Primarily recommended for natural landscapes and habitat restorations. Also wildflower and butterfly gardens.
Grown by enthusiasts.
Small wildflower with ascending or spreading stems and attractive yellow or white flowers.
Typically 3-6 inches in height. Spreading and forming open patches broader than tall.
Florida from the Monroe County Keys north to Panhandle; northern Bahamas. In the Monroe County Keys, apparently disjunct from Miami-Dade County (including Biscayne National Park) to the pine rocklands of Big Pine Key and nearby islands.
Pinelands, prairies and coastal thickets.
Moist, well-drained sandy or limestone soils, without humus.
Low; it grows in nutrient poor soils.
Salt Water Tolerance:
Low; does not tolerate long-term flooding by salt or brackish water.
Salt Wind Tolerance:
Moderate; grows near salt water, but is protected from direct salt spray by other vegetation.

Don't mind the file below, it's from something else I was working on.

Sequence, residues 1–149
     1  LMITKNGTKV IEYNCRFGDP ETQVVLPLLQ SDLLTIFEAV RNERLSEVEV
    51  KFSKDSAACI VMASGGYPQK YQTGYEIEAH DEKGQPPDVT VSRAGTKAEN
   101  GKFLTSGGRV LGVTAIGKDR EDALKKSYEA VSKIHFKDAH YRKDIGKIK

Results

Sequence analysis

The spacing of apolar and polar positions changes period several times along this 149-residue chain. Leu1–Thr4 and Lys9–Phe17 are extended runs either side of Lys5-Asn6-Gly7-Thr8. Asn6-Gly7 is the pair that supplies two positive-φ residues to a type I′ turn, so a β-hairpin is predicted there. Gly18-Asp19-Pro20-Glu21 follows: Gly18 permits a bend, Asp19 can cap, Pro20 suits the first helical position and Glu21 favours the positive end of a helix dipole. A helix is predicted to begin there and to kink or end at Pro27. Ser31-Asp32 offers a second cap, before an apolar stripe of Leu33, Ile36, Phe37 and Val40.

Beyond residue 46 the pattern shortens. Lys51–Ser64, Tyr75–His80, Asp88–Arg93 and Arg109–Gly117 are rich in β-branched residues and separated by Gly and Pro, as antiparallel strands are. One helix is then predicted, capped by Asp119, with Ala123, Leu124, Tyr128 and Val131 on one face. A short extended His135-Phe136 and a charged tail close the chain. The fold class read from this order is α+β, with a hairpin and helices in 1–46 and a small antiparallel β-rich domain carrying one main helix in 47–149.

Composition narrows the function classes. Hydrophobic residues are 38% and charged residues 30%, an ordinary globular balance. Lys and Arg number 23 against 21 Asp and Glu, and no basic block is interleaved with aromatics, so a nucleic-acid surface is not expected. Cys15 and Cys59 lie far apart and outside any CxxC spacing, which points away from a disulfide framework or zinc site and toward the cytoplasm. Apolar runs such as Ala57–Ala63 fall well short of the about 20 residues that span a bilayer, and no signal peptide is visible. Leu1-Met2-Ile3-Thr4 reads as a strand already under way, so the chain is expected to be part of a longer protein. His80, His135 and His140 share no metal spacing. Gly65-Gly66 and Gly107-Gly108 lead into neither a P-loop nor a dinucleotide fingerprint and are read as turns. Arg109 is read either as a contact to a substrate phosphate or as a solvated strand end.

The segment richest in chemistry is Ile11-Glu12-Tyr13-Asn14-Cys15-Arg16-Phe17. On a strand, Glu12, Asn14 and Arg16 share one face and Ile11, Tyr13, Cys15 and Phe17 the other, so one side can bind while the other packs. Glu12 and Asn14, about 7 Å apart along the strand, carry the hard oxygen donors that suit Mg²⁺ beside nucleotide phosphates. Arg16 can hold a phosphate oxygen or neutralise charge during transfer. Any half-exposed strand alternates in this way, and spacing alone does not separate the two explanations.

High; does not require any supplemental water once established.
Yellow or white.
Inconspicuous aggregate of 4 nutlets.
Wildlife and Ecology:
Nectar plant for small butterflies.
On the east coast of South Florida the flowers are yellow and on the west coast the flowers are white. In the lower Monroe County Keys, the yellow form is known from Big Pine Key and the white form from Cudjoe Key. The use of local material is recommended.
Roger L. Hammer
James Johnson, 2014 In habitat, Everglades National Park, Florida
Gann, G.D., M.E. Abdo, J.W. Gann, G.D. Gann, Sr., S.W.
Woodmansee, K.A. Bradley, E. Grahl and K.N. Hines. 2005-2016. Natives For Your Neighborhood. http://www.regionalconservation.org.
The Institute for Regional Conservation. Delray Beach, Florida USA.